—New York Times Book Review

Wonderfully drawn characters and several lively and relevant subplots that place Keturah at the center of her village's economic and social rebirth add to this folkloric tale in which friendship, courage, nobility, and sacrifice all play critical roles. As for love? On that topic, Leavitt deftly leads readers on a journey whose ending could not be more surprising . . . or perhaps not surprising at all for any who pay close attention to the Emily Dickinson lines that comprise the epigraph at the start of the story: "Because I could not stop for Death / He kindly stopped for me; / The carriage held but just ourselves / And Immortality.

—CCBC Choices (University of Wisconsin)

Stippled with light and shadow and crowned with an ending that will leave teens breathless, this resonant fantasy centers on Keturah's attempts to evade destiny--nothing less than death itself--by seeking the true love that will null its claim.

—Booklist

With elements of a medieval tale, this magical novel narrated by Keturah, the village storyteller, describes how she follows a mythical hart into the forest and meets Lord Death.

—Publishers Weekly

Martine Leavitt has intertwined the Scheherazade legend of the Arabian Nights into an English legend of love and sacrifice. Keturah is a 16-year-old girl with a gift for storytelling. After following a large, majestic hart into the woods, she becomes hopelessly lost and meets the dark, handsome personification of Death. He is beguiled by her beauty and willing to allow her one more day before claiming her if she will finish the story she has started to tell him and name her true love. But he also tells her about the plague beginning in Great Town, not far from her beloved village of Tide-by-Rood. At the end of the day she knows she needs more time to find her true love, and so have a conclusion to the story she is telling. Through the intervening days, she is drawn into the village, into working with the son of Lord Temsland in encouraging the peasants and craftsmen to clean the mill and build a road as a way to stave off disease. She also makes a deal with the local "witch" for a charm that will help her identify her true love and free her from having to meet Death. After a slow start, the novel twists and turns through Keturah's dilemas and solutions. Leavitt mixes elements of legend and folklore into a clever discussion of the role of death in the lives of humans. As Keturah comes to better know and understand Death, she is convinced that is power is not evil and she is better able to appreciate all the daily details of life around her.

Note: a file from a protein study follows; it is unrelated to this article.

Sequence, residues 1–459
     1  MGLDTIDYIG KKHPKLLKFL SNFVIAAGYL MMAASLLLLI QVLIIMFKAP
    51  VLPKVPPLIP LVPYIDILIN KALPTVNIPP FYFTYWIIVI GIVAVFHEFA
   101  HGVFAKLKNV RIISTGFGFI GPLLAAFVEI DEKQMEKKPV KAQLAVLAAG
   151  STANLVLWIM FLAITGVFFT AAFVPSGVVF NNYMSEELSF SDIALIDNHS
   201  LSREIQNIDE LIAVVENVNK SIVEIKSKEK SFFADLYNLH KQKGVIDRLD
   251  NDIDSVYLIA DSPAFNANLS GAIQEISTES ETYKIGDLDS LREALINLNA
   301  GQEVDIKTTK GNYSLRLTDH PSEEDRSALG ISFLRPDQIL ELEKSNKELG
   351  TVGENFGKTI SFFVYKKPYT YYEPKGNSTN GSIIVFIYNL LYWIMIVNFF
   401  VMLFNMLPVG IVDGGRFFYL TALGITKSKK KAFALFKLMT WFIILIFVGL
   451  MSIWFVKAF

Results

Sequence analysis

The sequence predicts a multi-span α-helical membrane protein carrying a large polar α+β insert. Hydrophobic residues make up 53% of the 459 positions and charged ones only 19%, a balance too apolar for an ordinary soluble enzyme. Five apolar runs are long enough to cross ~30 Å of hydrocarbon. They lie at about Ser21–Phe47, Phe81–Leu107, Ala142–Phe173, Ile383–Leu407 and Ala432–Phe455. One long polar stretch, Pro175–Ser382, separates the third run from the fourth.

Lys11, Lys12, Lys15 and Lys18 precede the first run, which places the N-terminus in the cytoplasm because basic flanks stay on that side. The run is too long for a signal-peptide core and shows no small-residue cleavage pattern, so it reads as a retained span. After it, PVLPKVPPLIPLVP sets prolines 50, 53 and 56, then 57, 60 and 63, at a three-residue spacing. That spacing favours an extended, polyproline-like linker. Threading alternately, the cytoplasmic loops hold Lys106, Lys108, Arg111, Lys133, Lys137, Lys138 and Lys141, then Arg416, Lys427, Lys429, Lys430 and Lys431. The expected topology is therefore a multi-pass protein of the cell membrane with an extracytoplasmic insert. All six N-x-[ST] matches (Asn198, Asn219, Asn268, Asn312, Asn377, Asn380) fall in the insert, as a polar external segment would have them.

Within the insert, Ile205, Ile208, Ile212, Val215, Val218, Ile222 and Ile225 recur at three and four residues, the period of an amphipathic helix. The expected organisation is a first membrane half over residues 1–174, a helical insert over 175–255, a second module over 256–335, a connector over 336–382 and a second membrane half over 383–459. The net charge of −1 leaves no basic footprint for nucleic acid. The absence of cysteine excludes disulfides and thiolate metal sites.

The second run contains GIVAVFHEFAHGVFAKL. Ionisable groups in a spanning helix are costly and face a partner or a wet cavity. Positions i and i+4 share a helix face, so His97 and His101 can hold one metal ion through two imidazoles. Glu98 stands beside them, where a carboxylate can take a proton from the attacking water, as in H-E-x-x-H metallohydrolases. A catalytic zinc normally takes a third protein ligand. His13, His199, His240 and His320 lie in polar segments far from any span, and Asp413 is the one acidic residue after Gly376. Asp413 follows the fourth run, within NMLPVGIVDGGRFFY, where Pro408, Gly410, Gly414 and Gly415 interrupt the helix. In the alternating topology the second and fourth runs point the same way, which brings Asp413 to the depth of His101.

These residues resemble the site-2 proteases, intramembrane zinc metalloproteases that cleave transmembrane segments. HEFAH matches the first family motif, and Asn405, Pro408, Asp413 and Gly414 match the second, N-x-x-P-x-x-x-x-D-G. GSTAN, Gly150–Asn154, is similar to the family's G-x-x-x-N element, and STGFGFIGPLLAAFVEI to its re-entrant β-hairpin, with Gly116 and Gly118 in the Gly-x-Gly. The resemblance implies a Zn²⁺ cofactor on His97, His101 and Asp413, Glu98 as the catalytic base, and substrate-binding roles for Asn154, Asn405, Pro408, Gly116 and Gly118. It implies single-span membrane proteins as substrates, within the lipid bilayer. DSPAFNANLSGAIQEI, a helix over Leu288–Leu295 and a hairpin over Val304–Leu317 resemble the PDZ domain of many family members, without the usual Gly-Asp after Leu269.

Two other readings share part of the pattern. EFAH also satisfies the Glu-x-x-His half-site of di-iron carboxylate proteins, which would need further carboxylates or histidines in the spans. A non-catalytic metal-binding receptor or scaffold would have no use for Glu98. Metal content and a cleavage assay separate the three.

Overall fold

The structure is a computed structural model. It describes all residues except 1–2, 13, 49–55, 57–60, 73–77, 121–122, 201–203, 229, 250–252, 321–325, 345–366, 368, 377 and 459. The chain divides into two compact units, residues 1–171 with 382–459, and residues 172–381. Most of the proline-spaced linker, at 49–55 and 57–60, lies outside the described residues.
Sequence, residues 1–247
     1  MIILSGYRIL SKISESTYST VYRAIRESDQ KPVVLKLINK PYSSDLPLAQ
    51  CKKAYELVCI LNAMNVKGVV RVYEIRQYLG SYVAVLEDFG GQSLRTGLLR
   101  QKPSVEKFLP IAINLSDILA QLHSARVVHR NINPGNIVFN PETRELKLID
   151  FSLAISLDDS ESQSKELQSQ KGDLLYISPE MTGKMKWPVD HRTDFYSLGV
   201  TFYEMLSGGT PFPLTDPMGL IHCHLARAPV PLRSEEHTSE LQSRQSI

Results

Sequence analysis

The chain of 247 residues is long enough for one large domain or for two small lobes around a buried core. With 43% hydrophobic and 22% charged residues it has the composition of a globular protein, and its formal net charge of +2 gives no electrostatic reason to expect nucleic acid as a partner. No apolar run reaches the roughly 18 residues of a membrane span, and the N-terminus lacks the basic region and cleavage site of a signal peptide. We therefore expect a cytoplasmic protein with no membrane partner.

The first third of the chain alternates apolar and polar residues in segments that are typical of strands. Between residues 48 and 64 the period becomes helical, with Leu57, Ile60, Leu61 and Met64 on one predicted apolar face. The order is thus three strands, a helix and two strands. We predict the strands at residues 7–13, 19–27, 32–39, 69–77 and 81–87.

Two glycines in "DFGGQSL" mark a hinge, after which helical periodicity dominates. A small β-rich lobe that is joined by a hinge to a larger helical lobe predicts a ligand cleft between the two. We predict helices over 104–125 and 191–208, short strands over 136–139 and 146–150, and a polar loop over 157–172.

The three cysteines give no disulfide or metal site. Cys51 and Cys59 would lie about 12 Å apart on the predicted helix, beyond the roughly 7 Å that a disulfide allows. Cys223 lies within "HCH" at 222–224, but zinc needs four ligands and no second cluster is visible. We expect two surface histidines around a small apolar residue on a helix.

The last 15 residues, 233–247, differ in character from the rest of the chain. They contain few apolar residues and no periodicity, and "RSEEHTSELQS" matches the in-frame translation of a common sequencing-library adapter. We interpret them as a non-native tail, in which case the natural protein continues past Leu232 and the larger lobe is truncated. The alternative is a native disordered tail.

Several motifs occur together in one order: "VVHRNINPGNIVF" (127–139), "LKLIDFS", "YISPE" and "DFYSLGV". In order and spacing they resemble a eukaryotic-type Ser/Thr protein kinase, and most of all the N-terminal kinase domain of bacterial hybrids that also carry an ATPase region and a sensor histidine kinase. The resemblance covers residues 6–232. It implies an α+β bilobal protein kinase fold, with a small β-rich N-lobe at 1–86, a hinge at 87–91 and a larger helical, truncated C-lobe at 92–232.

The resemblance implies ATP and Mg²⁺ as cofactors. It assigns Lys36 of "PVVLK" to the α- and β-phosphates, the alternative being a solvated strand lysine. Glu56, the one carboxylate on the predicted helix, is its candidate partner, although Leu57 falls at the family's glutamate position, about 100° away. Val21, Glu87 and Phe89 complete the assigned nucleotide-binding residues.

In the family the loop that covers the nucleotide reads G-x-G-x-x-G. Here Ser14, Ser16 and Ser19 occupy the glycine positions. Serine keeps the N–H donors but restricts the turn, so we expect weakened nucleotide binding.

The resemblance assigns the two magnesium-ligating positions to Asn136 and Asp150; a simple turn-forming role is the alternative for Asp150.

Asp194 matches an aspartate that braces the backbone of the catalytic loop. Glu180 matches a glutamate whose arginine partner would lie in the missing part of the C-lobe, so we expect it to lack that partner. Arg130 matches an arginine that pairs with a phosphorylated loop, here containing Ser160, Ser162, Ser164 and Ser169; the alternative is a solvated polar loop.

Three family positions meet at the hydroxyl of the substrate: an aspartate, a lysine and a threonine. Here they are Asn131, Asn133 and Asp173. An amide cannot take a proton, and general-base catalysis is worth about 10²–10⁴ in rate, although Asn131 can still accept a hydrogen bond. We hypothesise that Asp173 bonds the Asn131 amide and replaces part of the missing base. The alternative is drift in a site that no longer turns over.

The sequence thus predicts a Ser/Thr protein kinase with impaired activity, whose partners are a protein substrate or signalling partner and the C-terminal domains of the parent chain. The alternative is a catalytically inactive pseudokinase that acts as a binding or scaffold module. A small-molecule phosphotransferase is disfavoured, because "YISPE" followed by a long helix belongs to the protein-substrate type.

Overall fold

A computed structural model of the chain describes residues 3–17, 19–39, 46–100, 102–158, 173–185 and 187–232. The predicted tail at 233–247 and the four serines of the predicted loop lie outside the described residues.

—KLIATT

Top 10 Youth Romances.
Keturah, a Scheherazade figure, falls in love with Lord Death while spinning a story to save her life. A spellbinding, fantastical romance.

—Booklist

Honors for Keturah and Lord Death

  • Top 10 Women's History Books for Youth—Booklist
  • Best of the Best Books List produced by the Chicago Public Library
  • National Book Award Finalist, Young People's Literature
  • CCBC Choices
  • Books for the Teen Age—NYPL
  • Pennsylvania School Librarians Association YA Top Forty List, Fiction
  • ForeWord Magazine Book of the Year Award Winner, Bronze, Young Adult Fiction
  • Bulletin Blue Ribbon, Fiction —Bulletin of the Center for Children's Books
  • Pennsylvania Young Reader's Choice Awards, Master List, Young Adult
  • Junior Library Guild selection